How much is your free birth control worth? 
Is it worth severely damaging the nonprofit sector, 
interrupting the valuable social services that make our world go round? 

As always, you're welcome to leave comments, discussion, question and opinions below. 
Philanthropy is my passion, so I am more than happy to answer anything else I can.
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  1. I don't pretend to be knowledgable on all things Obama Care, because I've never read the whole bill (have you seen the size of that thing??) so I can't say with conviction that I "hate" it. But it does seem to be causing more problems rather than solving them. It seems that most people's insurance (people I know personally) has gone up in price (my own nearly doubled) and it has resulted in tons of lay-offs, especially in the medical field. Being a nurse, I've seen/heard of several layoffs in my areas and it has even resulted in the CLOSING of several facilities because they can't afford to operate anymore due to the cost of insuring the employees.

    Like I said, I am not an expert, nor do I know everything that Obama Care entails, but I definitely agree with you that it is hurting many companies and organizations.

  2. I see your point, but I don't understand why it's such a big deal. It's not forcing members of non-profits to use birth control. It's not forcing a religion to agree with the practice of birth control. It's simply saying the health insurance provided to employees must have the option. Whether or not they take advantage of that option is up to them.

    Regardless of all of that, I would say I still support the mandate that the option be offered because of the wide range of uses. There are a huge amount of health issues that can be treated with contraceptives, including endometriosis. In addition, access to contraceptives has been proven to reduce the poverty rate by allowing women to better plan out their families and reduce the number of abortions since the vast majority of women who use contraception aren't getting pregnant in the first place.

    None of this is saying that religions must approve of something they are morally against. They don't actually have to do anything. Health insurance should provide this basic health care option to their clients.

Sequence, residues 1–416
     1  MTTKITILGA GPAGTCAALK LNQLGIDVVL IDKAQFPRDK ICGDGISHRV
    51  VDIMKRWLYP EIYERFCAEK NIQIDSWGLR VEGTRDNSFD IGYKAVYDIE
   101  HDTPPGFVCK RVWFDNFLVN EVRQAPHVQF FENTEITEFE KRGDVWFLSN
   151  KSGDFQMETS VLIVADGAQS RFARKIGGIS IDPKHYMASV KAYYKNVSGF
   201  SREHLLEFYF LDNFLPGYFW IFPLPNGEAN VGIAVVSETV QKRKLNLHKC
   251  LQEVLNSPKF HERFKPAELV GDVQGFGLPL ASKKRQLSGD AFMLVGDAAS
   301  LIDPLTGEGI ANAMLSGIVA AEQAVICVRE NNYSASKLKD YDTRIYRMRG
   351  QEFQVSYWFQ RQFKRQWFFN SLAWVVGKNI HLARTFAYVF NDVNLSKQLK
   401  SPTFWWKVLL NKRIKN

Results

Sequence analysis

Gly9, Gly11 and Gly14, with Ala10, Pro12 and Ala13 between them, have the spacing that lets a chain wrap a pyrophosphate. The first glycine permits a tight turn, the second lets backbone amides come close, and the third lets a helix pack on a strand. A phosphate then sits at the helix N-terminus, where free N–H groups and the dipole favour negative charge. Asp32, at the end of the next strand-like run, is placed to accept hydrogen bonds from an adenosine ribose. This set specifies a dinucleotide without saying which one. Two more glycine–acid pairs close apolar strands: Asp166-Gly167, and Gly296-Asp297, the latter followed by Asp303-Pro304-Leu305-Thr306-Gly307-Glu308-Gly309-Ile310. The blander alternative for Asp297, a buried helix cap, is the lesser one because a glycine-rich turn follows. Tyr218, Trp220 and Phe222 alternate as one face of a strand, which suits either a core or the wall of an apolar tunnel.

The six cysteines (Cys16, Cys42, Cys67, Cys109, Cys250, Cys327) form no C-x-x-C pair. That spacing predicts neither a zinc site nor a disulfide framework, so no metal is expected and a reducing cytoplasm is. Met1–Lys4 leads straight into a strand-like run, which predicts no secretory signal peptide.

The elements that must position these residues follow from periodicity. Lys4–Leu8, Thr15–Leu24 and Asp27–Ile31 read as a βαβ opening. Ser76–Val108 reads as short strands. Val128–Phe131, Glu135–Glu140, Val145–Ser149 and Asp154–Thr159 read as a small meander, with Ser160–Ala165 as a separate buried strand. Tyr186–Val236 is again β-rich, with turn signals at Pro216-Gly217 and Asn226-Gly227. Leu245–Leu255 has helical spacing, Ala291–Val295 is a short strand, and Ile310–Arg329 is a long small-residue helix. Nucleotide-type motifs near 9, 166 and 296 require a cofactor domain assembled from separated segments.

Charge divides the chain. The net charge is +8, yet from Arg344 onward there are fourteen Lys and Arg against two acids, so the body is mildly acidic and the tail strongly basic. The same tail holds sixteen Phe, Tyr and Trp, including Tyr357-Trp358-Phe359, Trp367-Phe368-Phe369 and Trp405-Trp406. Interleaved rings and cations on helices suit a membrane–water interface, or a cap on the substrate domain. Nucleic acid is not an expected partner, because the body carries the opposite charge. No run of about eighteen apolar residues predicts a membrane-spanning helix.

I'm sorry for disagreeing (and I'm sorry this is turning out to be a long comment), but I don't understand why personal health decisions and basic health care should have any input from the employer.

    1. I think the reason employer's have input is because they are the ones paying for it as part of your employment agreement. And the concern is that the Contraception Mandate forces religious employers to provide insurance which covers contraception, something that may be against their religious beliefs -- making it a constitutional issue due to freedom of religion protection. If the employee chooses to forgo the employer provided option and get their own individual health insurance, that's totally up to them. Maybe some people will find that cheaper or more convenient in the long run? I'm not sure.

      I appreciate your comments, and disagreeing!

  3. I always find this topic interesting, because it inevitably draws a line between people and their beliefs. I, in no way, am an Obamacare expert. I'm with Kalyn - I couldn't imagine reading the large amount of fine print. But I do agree that it has benefited some and hurt some. I have seen people's coverage double and I have seen people receive coverage at a much lower rate. It seems with this healthcare debacle, I've heard of a lot more people and organizations hurting rather than being benefited.

    But the way you presented this is great!

  4. How frustrating to live in a society where penis pumps and Viagra are automatically covered by insurance, but some people actually have to struggle to have their birth control covered.

  5. Amen to everything you said. And really, this creates a slippery slope (to use a term I heard all the freaking time in my poli sci classes) because if we're allowed to violate the constitutional rights of FBOs based on something as simple as contraception, what happens when we're faced with an even bigger issue? It's conceivable (no pun intended, sorry!) that FBOs will be forced to provide a myriad of services that are contrary to their constitutionally protected rights. Where does it end?


Your comments make my day! Thanks for taking the time to share your thoughts.

Hayley Larue Design